- 医療薬学 (ISSN:1346342X)
- vol.42, no.3, pp.202-208, 2016-03-10 (Released:2017-03-16)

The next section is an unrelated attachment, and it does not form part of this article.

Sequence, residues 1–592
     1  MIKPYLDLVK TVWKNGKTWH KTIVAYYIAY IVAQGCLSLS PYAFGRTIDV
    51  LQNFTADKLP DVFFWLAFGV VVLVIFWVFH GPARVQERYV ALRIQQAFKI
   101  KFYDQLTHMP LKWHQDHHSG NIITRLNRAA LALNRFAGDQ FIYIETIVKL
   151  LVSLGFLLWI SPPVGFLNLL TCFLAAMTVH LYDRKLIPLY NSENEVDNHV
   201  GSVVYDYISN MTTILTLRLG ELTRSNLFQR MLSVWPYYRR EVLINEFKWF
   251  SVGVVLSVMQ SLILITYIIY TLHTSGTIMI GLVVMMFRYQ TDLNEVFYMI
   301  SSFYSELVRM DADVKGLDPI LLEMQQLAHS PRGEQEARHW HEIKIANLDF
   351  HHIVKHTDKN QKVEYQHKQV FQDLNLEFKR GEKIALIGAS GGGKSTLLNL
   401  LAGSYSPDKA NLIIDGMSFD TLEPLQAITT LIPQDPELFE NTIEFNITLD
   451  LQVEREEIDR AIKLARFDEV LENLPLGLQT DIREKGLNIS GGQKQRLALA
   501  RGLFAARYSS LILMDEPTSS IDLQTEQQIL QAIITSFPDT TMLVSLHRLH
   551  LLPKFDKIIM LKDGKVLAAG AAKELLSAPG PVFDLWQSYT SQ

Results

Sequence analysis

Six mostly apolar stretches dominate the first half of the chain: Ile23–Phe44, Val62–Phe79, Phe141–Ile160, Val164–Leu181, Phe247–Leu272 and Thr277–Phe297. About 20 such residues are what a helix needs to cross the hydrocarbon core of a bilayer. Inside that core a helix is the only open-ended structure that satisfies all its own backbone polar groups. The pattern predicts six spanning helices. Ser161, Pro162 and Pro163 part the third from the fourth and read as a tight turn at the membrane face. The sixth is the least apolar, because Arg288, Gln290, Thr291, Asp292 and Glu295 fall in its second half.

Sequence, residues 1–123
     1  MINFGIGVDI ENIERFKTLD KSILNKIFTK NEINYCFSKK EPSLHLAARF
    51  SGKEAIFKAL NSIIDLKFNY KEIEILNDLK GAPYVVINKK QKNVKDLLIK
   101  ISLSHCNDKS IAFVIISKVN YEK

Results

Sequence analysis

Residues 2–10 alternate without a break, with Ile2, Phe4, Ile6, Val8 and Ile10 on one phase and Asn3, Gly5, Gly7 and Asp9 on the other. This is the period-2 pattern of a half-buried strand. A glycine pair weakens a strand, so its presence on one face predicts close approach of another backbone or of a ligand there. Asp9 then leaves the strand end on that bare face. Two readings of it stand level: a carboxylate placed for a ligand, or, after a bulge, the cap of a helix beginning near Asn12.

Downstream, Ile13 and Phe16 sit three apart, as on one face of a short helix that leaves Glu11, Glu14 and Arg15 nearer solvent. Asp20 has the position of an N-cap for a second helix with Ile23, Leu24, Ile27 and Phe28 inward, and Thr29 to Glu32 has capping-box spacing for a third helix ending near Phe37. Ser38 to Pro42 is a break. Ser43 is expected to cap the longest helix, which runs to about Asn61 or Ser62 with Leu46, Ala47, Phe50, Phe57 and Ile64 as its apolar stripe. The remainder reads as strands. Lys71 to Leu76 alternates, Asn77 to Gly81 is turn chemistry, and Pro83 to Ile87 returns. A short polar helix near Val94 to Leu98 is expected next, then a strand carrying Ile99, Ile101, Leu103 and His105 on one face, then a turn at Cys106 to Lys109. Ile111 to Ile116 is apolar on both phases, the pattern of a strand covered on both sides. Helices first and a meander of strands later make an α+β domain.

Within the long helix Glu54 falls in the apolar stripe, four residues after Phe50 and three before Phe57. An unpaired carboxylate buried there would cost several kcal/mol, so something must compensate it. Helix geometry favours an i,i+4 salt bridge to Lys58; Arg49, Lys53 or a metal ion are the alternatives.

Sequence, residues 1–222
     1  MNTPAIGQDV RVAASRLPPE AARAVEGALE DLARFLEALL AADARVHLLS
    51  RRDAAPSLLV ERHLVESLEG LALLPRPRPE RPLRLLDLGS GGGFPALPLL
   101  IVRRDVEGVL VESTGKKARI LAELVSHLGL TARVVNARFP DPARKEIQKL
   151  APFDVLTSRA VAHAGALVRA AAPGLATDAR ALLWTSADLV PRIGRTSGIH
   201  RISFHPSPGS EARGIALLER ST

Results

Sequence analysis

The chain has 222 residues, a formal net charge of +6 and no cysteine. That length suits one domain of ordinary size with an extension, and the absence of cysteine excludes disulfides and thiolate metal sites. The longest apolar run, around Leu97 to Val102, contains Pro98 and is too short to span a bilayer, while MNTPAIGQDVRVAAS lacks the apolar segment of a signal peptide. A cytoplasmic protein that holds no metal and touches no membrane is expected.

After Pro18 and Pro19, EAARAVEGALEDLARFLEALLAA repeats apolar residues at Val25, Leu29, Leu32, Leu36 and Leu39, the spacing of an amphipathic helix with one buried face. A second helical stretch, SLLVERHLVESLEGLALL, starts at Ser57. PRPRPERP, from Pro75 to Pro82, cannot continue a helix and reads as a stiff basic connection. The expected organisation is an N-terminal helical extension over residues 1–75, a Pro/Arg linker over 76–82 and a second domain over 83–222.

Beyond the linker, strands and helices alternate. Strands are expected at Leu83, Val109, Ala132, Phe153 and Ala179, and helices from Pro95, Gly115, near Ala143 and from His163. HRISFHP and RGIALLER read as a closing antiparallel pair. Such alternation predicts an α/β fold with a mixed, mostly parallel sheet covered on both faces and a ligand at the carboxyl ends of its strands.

We report the case of a 35-year-old pregnant woman treated with the calcium channel blocker, nifedipine, for maintenance tocolysis. She was hospitalized due to preterm labor at 21 weeks of gestation by her previous physician. A rash appeared following ritodrine hydrochloride administration for maintenance tocolysis. After changing to magnesium sulfate, a rash appeared again. As these rashes were suspected to have been induced by ritodrine hydrochloride and magnesium sulfate independently, consecutive treatment with these drugs was difficult. Therefore, she was transferred to our hospital for follow-up. At 28 weeks 6 days of gestation, treatment with nifedipine for maintenance tocolysis was started after receiving written informed consent, and the medication was approved by the institutional review board of our hospital. The attending pharmacist considered fetal/neonatal adverse effects of nifedipine, such as teratogenicity, fetotoxicity, and neonatal complications, as well as maternal side effects, such as headache, constipation, and excessive blood pressure drop. The pharmacist provided drug information about nifedipine to the attending physicians and nurses, and gave medication counseling to the patient. Following oral administration of 80 mg of nifedipine daily (20 mg every 6 hours), headache and constipation were evident but gradually improved. Neither excessive blood pressure drop nor exacerbated uterine contraction was observed throughout the period of nifedipine treatment. This medication was finished at 34 weeks 5 days of gestation and the patient was discharged at 36 weeks 2 days of gestation. She delivered a baby at 40 weeks 3 days of gestation.